Nothing further happened, and towards morning Swetman slept. To avoid all risk he said not a word to the girls of the visit of the night, and certainly not to any one outside the house; for it was dangerous at that time to avow anything.
Among the killed in opposing the recent rising had been a younger brother of the lord of the manor, who lived at King’s-Hintock Court hard by. Seeing the latter ride past in mourning clothes next day, Swetman ventured to condole with him.
‘He’d no business there!’ answered the other. His words and manner showed the bitterness that was mingled with his regret. ’But say no more of him. You know what has happened since, I suppose?’
’I know that they say Monmouth is taken, Sir Thomas, but I can’t think it true,’ answered Swetman.
’O zounds! ‘tis true enough,’ cried the knight, ’and that’s not all. The Duke was executed on Tower Hill two days ago.’
‘D’ye say it verily?’ says Swetman.
’And a very hard death he had, worse luck for ‘n,’ said Sir Thomas. ’Well, ’tis over for him and over for my brother. But not for the rest. There’ll be searchings and siftings down here anon; and happy is the man who has had nothing to do with this matter!’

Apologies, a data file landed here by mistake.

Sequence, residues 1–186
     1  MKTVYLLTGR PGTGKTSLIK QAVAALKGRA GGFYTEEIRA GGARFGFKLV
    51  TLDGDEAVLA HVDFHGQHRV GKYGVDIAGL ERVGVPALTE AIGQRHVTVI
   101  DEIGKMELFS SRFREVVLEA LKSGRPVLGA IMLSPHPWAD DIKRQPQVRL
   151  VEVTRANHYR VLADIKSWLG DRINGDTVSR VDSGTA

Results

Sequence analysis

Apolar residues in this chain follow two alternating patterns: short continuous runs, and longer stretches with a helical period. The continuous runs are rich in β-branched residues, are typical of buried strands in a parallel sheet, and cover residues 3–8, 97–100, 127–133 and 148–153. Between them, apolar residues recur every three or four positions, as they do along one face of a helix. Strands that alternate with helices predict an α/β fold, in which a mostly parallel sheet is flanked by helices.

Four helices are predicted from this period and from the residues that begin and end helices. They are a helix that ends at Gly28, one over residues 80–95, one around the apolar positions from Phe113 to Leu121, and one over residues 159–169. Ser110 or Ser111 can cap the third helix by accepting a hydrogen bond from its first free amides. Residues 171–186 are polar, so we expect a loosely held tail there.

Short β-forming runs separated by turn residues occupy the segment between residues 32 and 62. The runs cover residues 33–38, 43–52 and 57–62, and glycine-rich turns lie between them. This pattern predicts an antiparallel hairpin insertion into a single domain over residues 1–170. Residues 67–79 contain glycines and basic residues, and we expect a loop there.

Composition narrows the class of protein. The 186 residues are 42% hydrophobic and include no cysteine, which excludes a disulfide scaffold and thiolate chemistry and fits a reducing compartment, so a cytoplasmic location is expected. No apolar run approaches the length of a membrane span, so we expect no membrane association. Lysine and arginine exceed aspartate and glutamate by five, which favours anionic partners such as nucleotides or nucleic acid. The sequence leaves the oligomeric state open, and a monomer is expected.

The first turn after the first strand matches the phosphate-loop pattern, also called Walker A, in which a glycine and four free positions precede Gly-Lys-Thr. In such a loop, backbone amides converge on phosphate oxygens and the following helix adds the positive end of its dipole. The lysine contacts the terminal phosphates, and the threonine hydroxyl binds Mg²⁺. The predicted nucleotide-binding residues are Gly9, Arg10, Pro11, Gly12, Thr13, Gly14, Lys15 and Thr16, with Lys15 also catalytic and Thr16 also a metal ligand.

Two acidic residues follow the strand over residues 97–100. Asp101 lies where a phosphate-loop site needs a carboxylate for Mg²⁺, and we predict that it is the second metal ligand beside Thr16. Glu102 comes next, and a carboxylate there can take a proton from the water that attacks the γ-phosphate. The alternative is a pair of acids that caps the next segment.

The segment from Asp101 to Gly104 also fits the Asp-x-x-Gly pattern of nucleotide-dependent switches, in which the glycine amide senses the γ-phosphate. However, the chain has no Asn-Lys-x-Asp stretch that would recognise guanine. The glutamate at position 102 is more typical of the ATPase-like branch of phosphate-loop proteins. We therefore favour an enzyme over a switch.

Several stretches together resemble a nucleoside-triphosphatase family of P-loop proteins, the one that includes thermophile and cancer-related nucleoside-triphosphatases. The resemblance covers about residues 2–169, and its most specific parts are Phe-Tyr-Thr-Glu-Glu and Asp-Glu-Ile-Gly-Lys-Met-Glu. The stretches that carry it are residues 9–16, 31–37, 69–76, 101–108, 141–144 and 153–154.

Now Swetman had hardly heard the latter words, so much was he confounded by the strangeness of the tidings that the Duke had come to his death on the previous Tuesday. For it had been only the night before this present day of Friday that he had seen his former guest, whom he had ceased to doubt could be other than the Duke, come into his chamber and fetch away his accoutrements as he had promised.
‘It couldn’t have been a vision,’ said Christopher to himself when the knight had ridden on. ’But I’ll go straight and see if the things be in the closet still; and thus I shall surely learn if ’twere a vision or no.’
To the closet he went, which he had not looked into since the stranger’s departure. And searching behind the articles placed to conceal the things hidden, he found that, as he had never doubted, they were gone.
When the rumour spread abroad in the West that the man beheaded in the Tower was not indeed the Duke, but one of his officers taken after the battle, and that the Duke had been assisted to escape out of the country, Swetman found in it an explanation of what so deeply mystified him. That his visitor might have been a friend of the Duke’s, whom the Duke had asked to fetch the things in a last request, Swetman would never admit. His belief in the rumour that Monmouth lived, like that of thousands of others, continued to the end of his days.
* * * * *
Such, briefly, concluded my kinsman, is the tradition which has been handed down in Christopher Swetman’s family for the last two hundred years.